Legal experts would like to stem misuse of ex parte orders of protection

Tuesday, April 25, 2006

Documents are issued by a court judge to help protect a victim from an abuser or harasser.

Shelby McBride sees "frequent flyers" in and out of her Common Pleas Courthouse office to file ex parte orders of protection on a daily basis.

The Cape Girardeau County circuit clerk knows victims of abuse exist. But she believes 80 percent of the people who enter her office to file aren't the actual victims.

"I think a lot of what we deal with are people who just want to fight in court," she said. "They need to be educated on what orders of protection actually are."

Ex parte orders of protection are documents issued by a court judge to help protect a victim from an abuser or harasser. Or they can be issued to protect an abused child from an abusive parent or guardian.

Within the last four months, approximately 200 ex parte orders of protection were filed in Cape Girardeau County. However, a majority of those cases were dropped before they reached the courtroom, McBride said. "More than half of the petitioners didn't even show up for their court hearings or they called a week before to drop the charges."

On Monday, McBride, Judge Benjamin F. Lewis and Karen Buchheit, a victim's advocate for the Cape Girardeau County Sheriff's Office, spoke about ex parte orders of protection at the quarterly meeting of the Domestic Violence Community Response Task Force. The meeting was held in connection with the National Crime Victims' Rights Week and Child Abuse Prevention Month.

Lewis explained that ex parte orders of protection are temporary until the court grants full orders of protection. Those eligible to file for an order of protection are adults subject to abuse from family members or another member living inside the household.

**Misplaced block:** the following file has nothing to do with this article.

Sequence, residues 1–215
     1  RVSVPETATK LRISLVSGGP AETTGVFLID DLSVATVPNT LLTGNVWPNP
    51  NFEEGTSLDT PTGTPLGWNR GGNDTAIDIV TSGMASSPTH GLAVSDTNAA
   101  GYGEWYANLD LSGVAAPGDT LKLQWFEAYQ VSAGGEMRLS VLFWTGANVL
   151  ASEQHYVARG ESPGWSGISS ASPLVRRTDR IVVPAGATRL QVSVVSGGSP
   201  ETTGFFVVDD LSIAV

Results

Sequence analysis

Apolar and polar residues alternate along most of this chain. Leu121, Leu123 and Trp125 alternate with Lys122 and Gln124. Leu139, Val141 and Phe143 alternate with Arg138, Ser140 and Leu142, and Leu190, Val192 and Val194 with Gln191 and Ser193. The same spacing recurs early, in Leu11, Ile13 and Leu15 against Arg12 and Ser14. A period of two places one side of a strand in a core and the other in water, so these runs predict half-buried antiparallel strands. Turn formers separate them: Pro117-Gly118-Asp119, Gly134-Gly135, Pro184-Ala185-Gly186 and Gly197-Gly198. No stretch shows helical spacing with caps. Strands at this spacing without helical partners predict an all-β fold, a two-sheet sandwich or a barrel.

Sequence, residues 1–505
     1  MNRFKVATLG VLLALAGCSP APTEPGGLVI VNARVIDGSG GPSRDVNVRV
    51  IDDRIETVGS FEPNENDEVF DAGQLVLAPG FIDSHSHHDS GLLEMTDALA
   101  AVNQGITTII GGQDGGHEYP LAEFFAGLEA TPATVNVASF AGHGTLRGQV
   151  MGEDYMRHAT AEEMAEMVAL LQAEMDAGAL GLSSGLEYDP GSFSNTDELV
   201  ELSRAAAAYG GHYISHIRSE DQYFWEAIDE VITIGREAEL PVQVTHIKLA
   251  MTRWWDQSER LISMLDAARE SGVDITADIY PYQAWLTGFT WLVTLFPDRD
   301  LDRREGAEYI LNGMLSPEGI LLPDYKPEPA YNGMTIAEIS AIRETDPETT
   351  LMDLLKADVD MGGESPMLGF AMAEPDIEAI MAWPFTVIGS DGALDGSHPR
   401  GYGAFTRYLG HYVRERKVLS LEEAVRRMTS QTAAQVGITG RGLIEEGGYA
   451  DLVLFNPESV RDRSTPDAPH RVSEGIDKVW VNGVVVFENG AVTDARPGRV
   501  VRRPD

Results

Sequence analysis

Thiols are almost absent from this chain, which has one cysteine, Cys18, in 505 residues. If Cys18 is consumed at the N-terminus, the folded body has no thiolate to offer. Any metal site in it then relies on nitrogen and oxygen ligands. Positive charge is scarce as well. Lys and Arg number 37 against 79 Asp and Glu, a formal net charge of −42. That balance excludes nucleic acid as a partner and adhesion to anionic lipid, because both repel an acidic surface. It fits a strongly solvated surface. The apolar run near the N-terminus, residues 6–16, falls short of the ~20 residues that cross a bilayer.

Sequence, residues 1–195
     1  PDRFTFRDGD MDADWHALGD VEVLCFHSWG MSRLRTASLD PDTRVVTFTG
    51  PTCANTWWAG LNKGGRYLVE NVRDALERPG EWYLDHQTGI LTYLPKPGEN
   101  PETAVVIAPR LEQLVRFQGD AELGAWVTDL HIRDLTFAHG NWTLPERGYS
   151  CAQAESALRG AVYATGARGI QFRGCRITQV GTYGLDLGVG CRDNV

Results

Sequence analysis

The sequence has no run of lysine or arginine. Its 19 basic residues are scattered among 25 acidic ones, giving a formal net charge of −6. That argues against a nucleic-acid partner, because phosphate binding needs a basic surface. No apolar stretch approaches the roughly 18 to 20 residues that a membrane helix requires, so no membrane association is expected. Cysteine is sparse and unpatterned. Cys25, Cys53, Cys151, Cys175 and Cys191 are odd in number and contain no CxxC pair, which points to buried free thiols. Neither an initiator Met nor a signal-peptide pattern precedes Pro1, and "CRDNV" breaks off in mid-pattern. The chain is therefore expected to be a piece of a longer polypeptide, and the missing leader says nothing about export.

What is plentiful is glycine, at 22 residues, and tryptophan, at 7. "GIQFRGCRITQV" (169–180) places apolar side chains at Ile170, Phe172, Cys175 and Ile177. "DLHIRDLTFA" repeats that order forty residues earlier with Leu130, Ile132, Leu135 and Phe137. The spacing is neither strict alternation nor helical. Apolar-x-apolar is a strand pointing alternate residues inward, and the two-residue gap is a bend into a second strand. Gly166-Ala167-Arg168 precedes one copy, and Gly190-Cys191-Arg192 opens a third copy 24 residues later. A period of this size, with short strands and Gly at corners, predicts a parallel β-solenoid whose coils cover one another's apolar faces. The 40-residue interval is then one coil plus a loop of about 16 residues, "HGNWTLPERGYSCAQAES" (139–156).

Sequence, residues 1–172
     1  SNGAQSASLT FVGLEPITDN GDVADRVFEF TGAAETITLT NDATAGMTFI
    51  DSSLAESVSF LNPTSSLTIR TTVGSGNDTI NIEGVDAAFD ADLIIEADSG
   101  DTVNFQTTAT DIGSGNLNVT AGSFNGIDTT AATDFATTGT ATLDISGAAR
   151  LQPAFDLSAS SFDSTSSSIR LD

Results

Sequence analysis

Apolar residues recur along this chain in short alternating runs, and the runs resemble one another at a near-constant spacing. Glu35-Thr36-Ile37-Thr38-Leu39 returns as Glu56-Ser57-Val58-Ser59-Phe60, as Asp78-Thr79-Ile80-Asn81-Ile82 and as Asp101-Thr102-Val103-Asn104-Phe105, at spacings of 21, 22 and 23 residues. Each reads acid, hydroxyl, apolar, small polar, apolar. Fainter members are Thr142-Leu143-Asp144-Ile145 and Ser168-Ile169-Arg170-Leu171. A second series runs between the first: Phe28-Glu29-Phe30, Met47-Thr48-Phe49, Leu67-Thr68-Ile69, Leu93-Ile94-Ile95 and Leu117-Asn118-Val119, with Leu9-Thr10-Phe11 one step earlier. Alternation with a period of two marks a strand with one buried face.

If the abuser breaks the order of protection, charges range from a Class A misdemeanor to a Class D felony, Lewis said.

The panel of speakers said when a child order of protection is filed that a majority of the time the parents are typically in the middle of a custody battle.

"None of us are saying there aren't people with legitimate reasons for filing these. We're all for helping people who are abused," Lewis said. But when numerous cases are handled day in and day out, Lewis said, it's hard to tell when the system is being abused.

Betty Brown, court advocate and case manager for Cape Girardeau's Safe House for Women, said some victims are intimidated by the abuser and will drop the ex parte order of protection.

"Some victims fall through the cracks, and we do wish these protection orders were bullet-proof," Buchheit said. "It takes educating these victims and letting them know there are people who care and can help them."

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